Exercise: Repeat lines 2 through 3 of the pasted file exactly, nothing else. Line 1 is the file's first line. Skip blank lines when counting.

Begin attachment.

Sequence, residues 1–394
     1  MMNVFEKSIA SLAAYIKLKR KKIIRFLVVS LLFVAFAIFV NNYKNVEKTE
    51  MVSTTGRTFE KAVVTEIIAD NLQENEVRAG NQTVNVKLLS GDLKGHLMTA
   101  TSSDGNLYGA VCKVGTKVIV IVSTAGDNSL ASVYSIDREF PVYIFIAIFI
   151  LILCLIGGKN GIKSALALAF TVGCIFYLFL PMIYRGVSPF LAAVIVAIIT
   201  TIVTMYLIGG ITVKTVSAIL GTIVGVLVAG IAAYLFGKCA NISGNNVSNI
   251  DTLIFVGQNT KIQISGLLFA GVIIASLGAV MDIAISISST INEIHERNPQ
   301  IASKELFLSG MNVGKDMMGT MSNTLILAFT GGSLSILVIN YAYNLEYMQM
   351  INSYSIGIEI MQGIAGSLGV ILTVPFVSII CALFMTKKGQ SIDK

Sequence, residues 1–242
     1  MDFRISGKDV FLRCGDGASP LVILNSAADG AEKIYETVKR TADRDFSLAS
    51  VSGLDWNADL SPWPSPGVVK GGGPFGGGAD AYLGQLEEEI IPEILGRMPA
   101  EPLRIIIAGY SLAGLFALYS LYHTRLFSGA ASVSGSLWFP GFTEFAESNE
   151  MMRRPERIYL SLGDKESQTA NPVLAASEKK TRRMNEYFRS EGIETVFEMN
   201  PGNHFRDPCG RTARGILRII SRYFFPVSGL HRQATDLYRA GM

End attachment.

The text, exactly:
     1  MMNVFEKSIA SLAAYIKLKR KKIIRFLVVS LLFVAFAIFV NNYKNVEKTE
    51  MVSTTGRTFE KAVVTEIIAD NLQENEVRAG NQTVNVKLLS GDLKGHLMTA